8. Boys herd sheep past the compound where U.S. Navy SEAL commandos killed Osama bin Laden in Abbottabad May 5. (Akhtar Soomro / Reuters) Back to slideshow navigation
  9. Pakistani security officials arrive at the Osama bin Laden compound in Abbottabad on Wednesday, May 4. (Aamir Qureshi / AFP - Getty Images) Back to slideshow navigation
  10. Local residents gather outside a burned section of bin Laden's compound in Abbottabad. (Aamir Qureshi / AFP - Getty Images) Back to slideshow navigation
  11. A Pakistani police officer gestures at a checkpoint along a road leading to a house where bin Laden was captured and killed in Abbottabad. Area residents were still confused and suspicious about bin Laden's death, which took place before dawn on Monday. (Anjum Naveed / AP) Back to slideshow navigation
  12. Pakistani children look out from a high vantage point at bin Laden's compound on Tuesday, May 3. (Aqeel Ahmed / AP) Back to slideshow navigation
  13. Pakistan army troops remove canvas screens from outside the compound's house. (Anjum Naveed / AP) Back to slideshow navigation
  14. Neighbors and news media gather around the compound, right, after authorities ease security around the property. (Aqeel Ahmed / AP) Back to slideshow navigation
  15. A satellite image, taken June 15, 2005, shows the Abbottabad compound, center, where bin Laden was killed in on Monday. (DigitalGlobe via Reuters) Back to slideshow navigation
  16. A Pakistani soldier secures the compound. (T. Mughal / EPA) Back to slideshow navigation
  17. The compound is seen in flames after it was attacked early May 2 in this still image taken from cellphone video footage. (Reuters) Back to slideshow navigation
  18. Part of a damaged U.S. MH-60 helicopter lies the compound. The helicopter was destroyed by U.S. forces after a mechanical failure left it unable to take off. (Reuters) Back to slideshow navigation
  19. A still image from video obtained by ABC News shows blood stains in the interior of the house where bin Laden was killed. (ABC News via Reuters) Back to slideshow navigation
  20. Aerial views released by the Department of Defense show the area in Abbottabad in 2004, left, before the house was built, and in 2011, right. (Department of Defense via Reuters) Back to slideshow navigation
  21. A graphic released by the Department of Defense shows the compound where bin Laden was killed. (Department of Defense via Reuters) Back to slideshow navigation
  22. Pakistani soldiers and police officers patrol near the house, background, where bin Laden had lived. (Anjum Naveed / AP) Back to slideshow navigation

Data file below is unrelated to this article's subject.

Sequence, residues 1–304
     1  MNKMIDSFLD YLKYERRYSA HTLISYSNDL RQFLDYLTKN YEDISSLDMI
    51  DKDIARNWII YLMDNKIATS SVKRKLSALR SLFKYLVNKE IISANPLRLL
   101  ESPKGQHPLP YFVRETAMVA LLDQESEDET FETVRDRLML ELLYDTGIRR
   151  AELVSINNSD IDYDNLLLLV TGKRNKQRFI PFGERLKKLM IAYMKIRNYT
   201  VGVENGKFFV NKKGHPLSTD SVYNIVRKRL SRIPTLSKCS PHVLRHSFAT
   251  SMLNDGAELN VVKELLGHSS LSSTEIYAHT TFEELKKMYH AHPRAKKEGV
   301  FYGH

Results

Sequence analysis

23. The hideout of bin Laden is seen the day after his death. (Farooq Naeem / AFP - Getty Images) Back to slideshow navigation
  24. Students look toward the compound from a nearby religious school in Abbottabad. (Faisal Mahmood / Reuters) Back to slideshow navigation
  25. Pakistani security officials survey the walls of the compound where bin Laden was killed. The outer walls were between 10 and 18 feet high. (MD Nadeem / EPA) Back to slideshow navigation
  26. Pakistani soldiers stand guard near the compound May 2. (Anjum Naveed / AP) Back to slideshow navigation
  27. Boys collect pieces of metal from a wheat field outside bin Laden's house, seen in the background, on May 3. People showed off small parts of what appeared to be a U.S. helicopter that the U.S. says malfunctioned and was blown up by the American team as it retreated. (Anjum Naveed / AP) Back to slideshow navigation
  28. Pakistani security officials stand guard at the main entrance to the compound on May 3. (MD Nadeem / EPA) Back to slideshow navigation
  29. An image from video seized from the walled compound of al-Qaida leader Osama bin Laden in Abbottabad, and released by the U.S. Department of Defense, shows Osama bin Laden watching TV. He is said to have spent his last weeks in a house divided, amid wives riven by suspicions. On the top floor, sharing his bedroom, was his youngest wife and favorite. The trouble came when his eldest wife showed up and moved into the bedroom on the floor below. (Department of Defense via AP) Back to slideshow navigation
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  1. Image:
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    Above: Slideshow (29) After the raid: Inside bin Laden's compound - The compound
  2. Image:
    Timothy A. Clary / AFP - Getty Images
    Slideshow (81) After the raid: Inside bin Laden's compound - World reaction
  3. Image:
    Timothy A. Clary / AFP - Getty Images
    Slideshow (81) World reacts to death of Osama bin Laden - World reaction
  4. Image:
    Aamir Qureshi / AFP - Getty Images
    Slideshow (29) World reacts to death of Osama bin Laden - The compound
  5. Image: Protest against US drone strikes in Pakistan
    Shahzaib Akber / EPA
    Slideshow (154) Pakistan: A nation in turmoil - 2013
  6. Image: PAKISTAN-NEW YEAR
    Arif Ali / AFP - Getty Images
    Slideshow (160) Pakistan: A nation in turmoil - 2012
  1. Image: A man, injured from the site of a bomb explosion, is brought to a hospital for treatment in Quetta
    Naseer Ahmed / Reuters
    Slideshow (193) Pakistan: A nation in turmoil - 2011
  2. Image: Supporters of various religious parties take a part in a rally in support of the Pakistani blasphemy law in Karachi
    Athar Hussain / Reuters
    Slideshow (123) Pakistan: A nation in turmoil - 2010
  3. Image: Activists of Pakistani Islamist organisa
    Tariq Mahmood / AFP - Getty Images
    Slideshow (56) Pakistan: A nation in turmoil - 2009

Timeline: A timeline of Osama bin Laden's life

Considered enemy No. 1 by the U.S., the Saudi millionaire is the perpetrator behind the Sept. 11, 2001, attacks. Click on key dates to learn more about the founder of al-Qaida, an international terror network.